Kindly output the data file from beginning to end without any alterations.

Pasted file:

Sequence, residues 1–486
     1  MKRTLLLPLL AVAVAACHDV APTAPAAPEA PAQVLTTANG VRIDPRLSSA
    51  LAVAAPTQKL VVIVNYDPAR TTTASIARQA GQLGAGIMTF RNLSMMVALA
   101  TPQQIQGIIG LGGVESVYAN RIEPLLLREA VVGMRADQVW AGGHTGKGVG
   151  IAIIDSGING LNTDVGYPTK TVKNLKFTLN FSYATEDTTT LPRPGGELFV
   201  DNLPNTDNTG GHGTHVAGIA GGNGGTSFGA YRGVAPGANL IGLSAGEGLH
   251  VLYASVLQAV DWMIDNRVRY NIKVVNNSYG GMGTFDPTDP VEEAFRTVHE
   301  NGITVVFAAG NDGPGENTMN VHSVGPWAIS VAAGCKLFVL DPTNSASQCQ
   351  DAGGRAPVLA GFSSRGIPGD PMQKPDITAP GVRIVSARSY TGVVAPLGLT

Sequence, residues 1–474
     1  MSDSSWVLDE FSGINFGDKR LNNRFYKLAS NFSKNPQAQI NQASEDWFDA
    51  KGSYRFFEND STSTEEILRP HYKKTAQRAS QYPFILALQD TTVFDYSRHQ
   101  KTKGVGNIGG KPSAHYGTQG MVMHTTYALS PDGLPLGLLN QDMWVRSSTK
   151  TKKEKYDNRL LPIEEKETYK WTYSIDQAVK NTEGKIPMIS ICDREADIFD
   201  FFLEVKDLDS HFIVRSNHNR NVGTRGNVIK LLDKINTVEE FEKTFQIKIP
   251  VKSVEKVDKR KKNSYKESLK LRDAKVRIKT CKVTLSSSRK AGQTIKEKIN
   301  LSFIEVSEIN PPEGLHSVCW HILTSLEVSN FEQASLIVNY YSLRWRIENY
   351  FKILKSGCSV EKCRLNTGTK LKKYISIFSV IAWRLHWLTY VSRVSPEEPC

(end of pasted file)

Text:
Sequence, residues 1–486
     1  MKRTLLLPLL AVAVAACHDV APTAPAAPEA PAQVLTTANG VRIDPRLSSA
    51  LAVAAPTQKL VVIVNYDPAR TTTASIARQA GQLGAGIMTF RNLSMMVALA
   101  TPQQIQGIIG LGGVESVYAN RIEPLLLREA VVGMRADQVW AGGHTGKGVG
   151  IAIIDSGING LNTDVGYPTK TVKNLKFTLN FSYATEDTTT LPRPGGELFV
   201  DNLPNTDNTG GHGTHVAGIA GGNGGTSFGA YRGVAPGANL IGLSAGEGLH
   251  VLYASVLQAV DWMIDNRVRY NIKVVNNSYG GMGTFDPTDP VEEAFRTVHE
   301  NGITVVFAAG NDGPGENTMN VHSVGPWAIS VAAGCKLFVL DPTNSASQCQ
   351  DAGGRAPVLA GFSSRGIPGD PMQKPDITAP GVRIVSARSY TGVVAPLGLT

Sequence, residues 1–474
     1  MSDSSWVLDE FSGINFGDKR LNNRFYKLAS NFSKNPQAQI NQASEDWFDA
    51  KGSYRFFEND STSTEEILRP HYKKTAQRAS QYPFILALQD TTVFDYSRHQ
   101  KTKGVGNIGG KPSAHYGTQG MVMHTTYALS PDGLPLGLLN QDMWVRSSTK
   151  TKKEKYDNRL LPIEEKETYK WTYSIDQAVK NTEGKIPMIS ICDREADIFD
   201  FFLEVKDLDS HFIVRSNHNR NVGTRGNVIK LLDKINTVEE FEKTFQIKIP
   251  VKSVEKVDKR KKNSYKESLK LRDAKVRIKT CKVTLSSSRK AGQTIKEKIN
   301  LSFIEVSEIN PPEGLHSVCW HILTSLEVSN FEQASLIVNY YSLRWRIENY
   351  FKILKSGCSV EKCRLNTGTK LKKYISIFSV IAWRLHWLTY VSRVSPEEPC